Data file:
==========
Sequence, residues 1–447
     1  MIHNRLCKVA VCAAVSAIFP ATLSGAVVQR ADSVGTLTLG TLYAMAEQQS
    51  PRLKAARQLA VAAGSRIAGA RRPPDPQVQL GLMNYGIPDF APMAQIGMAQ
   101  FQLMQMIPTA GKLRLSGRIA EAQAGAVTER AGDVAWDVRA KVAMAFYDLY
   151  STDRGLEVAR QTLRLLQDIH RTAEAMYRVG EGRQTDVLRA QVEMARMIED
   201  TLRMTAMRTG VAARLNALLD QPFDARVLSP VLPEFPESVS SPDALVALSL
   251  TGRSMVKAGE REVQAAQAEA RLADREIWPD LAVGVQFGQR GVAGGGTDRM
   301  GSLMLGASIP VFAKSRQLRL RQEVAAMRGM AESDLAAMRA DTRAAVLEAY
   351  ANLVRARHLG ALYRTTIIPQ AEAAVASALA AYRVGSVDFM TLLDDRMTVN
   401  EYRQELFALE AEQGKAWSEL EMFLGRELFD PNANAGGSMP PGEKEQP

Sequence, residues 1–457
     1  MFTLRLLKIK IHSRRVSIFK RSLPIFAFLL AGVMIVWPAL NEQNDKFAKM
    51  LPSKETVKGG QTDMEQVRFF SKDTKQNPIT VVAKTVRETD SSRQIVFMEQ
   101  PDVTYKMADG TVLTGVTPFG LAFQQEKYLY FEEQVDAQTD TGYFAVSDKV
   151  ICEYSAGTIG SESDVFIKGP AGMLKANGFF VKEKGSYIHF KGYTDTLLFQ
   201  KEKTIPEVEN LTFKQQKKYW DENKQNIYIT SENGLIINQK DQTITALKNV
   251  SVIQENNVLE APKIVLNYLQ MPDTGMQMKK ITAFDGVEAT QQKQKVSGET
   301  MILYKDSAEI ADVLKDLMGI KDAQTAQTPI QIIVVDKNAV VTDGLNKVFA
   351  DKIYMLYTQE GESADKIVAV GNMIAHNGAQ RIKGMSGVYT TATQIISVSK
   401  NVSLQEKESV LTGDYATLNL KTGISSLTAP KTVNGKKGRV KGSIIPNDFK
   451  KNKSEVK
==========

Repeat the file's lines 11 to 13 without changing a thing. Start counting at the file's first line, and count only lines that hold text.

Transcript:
Sequence, residues 1–457
     1  MFTLRLLKIK IHSRRVSIFK RSLPIFAFLL AGVMIVWPAL NEQNDKFAKM
    51  LPSKETVKGG QTDMEQVRFF SKDTKQNPIT VVAKTVRETD SSRQIVFMEQ